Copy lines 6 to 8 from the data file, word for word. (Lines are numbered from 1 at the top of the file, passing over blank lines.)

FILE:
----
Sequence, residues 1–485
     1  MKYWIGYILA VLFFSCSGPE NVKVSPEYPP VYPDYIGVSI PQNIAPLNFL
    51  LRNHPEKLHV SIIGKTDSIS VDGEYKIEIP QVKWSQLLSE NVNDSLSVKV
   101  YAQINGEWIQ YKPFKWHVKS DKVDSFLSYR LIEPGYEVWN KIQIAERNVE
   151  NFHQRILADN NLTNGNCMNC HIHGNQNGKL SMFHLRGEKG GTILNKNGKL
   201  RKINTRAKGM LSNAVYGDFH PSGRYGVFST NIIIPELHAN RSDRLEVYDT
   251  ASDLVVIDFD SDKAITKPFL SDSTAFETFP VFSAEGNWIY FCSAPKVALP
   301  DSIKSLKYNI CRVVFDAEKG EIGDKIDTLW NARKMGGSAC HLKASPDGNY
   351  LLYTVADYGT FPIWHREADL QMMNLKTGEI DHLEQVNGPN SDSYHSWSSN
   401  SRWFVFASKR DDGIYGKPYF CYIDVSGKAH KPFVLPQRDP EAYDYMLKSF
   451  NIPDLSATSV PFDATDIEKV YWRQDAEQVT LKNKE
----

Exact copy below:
   201  RKINTRAKGM LSNAVYGDFH PSGRYGVFST NIIIPELHAN RSDRLEVYDT
   251  ASDLVVIDFD SDKAITKPFL SDSTAFETFP VFSAEGNWIY FCSAPKVALP
   301  DSIKSLKYNI CRVVFDAEKG EIGDKIDTLW NARKMGGSAC HLKASPDGNY